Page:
Behaviour consultations are for behaviour issues that fall outside the scope of pure obedience training and that need intensive individual attention. Whenever an emotional association (i.e. fear, anxiety, frustration, conflict, apprehension, anger etc.) needs to be changed – a behaviour consult is required.
Behaviour is not something ‘within’ the animal, it is fluid; it is a function of the environment and its past consequences. Behaviour is the study of one. Two or more dogs with the same undesirable behaviour will require a different approach. I don’t subscribe to ‘behavioural recipes’ or ‘throwing spaghetti against the wall’ to see what sticks. Your dog, your circumstances and home environment is different from anybody else’s. Therefore, before an effective behaviour change plan can be formulated specifically for you and your dog, a Functional Assessment (FA) needs to be done.
The FA is compiled by filling in the Behaviour Assessment Form (that will be emailed to you) before we meet for our first session. During our first session there will be follow up questions about the information you submitted on the form. An assessment or hypothesis is formed, which then allows me to formulate an individual training program specific to your dog and your goals.
During the initial assessment, if time permits, we will start with some foundation training in preparation of the behaviour change program.
Follow up sessions are usually required to implement the behaviour change program. How frequently these follow up sessions are scheduled i.e. once a week, every 10 days or every second week, is the owner’s choice. The amount of follow up sessions required, depends on many variables that can include the following i.e. your goals, time and other resources available, breed character and size of the dogs involved, predictability and severity of the behaviour, onset of the behaviour, environmental management options available, social motivation and the involvement of children & the elderly in the home.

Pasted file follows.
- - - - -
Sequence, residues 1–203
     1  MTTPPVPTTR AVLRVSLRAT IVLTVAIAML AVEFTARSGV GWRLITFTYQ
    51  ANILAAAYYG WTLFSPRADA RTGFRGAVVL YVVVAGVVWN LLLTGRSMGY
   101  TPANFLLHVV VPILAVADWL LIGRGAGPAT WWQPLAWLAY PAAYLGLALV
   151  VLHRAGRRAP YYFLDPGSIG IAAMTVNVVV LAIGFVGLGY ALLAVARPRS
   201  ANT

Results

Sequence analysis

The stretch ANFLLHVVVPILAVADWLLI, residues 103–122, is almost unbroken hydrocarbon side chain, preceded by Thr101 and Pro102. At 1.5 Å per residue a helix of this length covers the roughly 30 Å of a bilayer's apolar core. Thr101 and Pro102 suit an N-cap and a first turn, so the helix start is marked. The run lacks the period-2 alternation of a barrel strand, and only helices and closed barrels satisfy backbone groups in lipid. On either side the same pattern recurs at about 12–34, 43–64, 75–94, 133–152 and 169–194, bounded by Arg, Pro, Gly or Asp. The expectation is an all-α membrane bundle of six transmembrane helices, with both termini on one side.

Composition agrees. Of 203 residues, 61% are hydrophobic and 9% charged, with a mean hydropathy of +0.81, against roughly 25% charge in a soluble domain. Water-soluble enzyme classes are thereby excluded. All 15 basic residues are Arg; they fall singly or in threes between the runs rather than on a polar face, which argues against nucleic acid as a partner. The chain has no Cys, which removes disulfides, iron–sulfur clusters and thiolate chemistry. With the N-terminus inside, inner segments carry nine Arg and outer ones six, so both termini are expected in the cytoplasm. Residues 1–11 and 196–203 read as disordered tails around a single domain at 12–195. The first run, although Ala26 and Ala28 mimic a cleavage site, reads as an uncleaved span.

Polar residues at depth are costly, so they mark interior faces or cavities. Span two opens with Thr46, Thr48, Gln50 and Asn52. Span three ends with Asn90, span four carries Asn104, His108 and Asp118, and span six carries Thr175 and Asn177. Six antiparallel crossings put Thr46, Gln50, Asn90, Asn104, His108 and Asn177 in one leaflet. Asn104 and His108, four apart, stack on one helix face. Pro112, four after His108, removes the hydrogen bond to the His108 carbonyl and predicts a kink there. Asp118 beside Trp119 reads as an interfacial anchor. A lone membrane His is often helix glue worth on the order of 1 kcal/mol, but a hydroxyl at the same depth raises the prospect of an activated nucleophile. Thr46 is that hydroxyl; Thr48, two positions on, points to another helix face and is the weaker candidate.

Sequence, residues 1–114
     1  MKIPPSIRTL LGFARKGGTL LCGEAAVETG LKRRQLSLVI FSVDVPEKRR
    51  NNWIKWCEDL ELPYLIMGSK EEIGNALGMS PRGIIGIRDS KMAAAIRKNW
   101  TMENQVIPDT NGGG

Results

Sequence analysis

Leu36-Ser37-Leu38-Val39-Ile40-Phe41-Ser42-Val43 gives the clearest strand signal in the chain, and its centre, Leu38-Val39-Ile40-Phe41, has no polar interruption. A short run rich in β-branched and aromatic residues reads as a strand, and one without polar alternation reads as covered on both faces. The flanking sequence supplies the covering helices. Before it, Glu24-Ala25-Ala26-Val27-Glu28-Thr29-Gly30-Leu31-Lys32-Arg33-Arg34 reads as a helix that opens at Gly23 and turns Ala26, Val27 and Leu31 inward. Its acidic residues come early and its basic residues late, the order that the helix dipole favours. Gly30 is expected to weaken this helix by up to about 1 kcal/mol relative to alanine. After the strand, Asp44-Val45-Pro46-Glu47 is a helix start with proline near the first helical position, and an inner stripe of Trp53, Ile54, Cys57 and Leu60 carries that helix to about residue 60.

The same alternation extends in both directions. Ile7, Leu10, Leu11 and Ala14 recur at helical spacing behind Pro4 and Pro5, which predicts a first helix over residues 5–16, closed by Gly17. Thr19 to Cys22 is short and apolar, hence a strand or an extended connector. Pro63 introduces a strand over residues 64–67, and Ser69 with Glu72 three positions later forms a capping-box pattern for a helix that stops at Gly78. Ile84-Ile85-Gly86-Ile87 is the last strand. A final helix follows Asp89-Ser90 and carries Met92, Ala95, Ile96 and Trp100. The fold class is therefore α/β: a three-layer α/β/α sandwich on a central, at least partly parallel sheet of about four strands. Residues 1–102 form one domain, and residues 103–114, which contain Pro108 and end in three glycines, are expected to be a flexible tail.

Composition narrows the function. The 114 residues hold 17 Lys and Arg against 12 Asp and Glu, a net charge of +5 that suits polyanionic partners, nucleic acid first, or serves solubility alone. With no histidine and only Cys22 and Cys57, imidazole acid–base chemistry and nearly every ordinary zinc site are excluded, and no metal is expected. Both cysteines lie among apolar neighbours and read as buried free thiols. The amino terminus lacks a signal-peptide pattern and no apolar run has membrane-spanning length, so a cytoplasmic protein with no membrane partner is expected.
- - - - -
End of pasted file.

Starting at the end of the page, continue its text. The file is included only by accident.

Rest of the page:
No ethical behaviourist or trainer can or may offer a client a guarantee or quick fix. Quick fixes or the use of aversive methods will suppress behaviour, but only temporarily, and it will pop up again at a later stage. A more in-depth explanation on this is available on the articles page – “The fall outs of using punishment”.
I have had several dogs and over the years, and I too had to work through behavioural problems with my own (German Shepherd) dogs. Some of their more complex issues were fighting with each other (which resulted in vet visits), reacting aggressively towards strangers and other dogs, separation distress and owner & resource guarding. Therefore I truly understand the stress and emotional toll it can have on a household and the amount of time and effort it takes to resolve problem behaviours.
I am here to guide and support you every step of the way. And although training and behaviour modification is ‘serious business’, never forget to have fun with your dog, watch him or her learn and develop to their full potential. Enjoy the process.
During any training or behaviour change program, I am guided by the code of ethics prescribed by the organizations that I am accredited to. Below is a brief explanation:
Hierarchy of Behaviour Change and Training Procedures for Humane and Effective Practice is:
In order to comply with the Most-Positive-Least-Intrusive Practice, only steps 1. to 5.2 will be utilized.
1 Distant Antecedents: Address any health, nutritional and physical factors that might be contributing to the unwanted behaviour.
2 Immediate Antecedents: Address the setting events and motivating operations, and change/remove triggers/signals for the unwanted behaviour.
3 Positive Reinforcement: Use approaches that contingently deliver a positive consequence to increase the probability that a desirable behaviour can occur.
4 Differential Reinforcement of Alternative Behaviour/s: Teach and reinforce acceptable replacement behaviour/s and remove the reinforcement of the undesirable behaviour.
5 Negative Punishment, Extinction & Negative Reinforcement:
5.1 Negative Punishment – Contingently withdraw the positive reinforcer to reduce the probability that the undesirable behaviour will occur.
5.2 Extinction – Consistently remove the reinforcer of the unwanted behaviour to make that behaviour ineffective, inefficient and irrelevant.
5.3 Negative Reinforcement – Contingently withdraw an aversive antecedent stimulus to increase the probability that the desired behaviour will occur.
6 Positive Punishment: Contingently deliver an aversive consequence to reduce the probability that the problem behavior will occur.